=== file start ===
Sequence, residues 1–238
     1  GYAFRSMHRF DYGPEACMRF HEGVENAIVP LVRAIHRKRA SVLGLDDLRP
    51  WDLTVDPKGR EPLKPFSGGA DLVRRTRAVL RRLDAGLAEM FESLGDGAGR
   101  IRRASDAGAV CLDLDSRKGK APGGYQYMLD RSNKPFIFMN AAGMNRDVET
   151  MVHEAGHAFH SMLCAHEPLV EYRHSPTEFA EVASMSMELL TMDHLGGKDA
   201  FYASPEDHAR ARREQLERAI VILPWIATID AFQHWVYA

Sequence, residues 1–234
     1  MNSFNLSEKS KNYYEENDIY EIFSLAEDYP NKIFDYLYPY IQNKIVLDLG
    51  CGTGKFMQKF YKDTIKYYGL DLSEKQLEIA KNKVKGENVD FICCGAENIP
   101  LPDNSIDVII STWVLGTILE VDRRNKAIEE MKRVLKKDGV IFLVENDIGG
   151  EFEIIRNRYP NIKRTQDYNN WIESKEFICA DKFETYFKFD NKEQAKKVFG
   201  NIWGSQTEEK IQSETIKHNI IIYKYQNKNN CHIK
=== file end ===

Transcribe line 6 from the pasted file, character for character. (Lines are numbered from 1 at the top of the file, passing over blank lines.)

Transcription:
   201  FYASPEDHAR ARREQLERAI VILPWIATID AFQHWVYA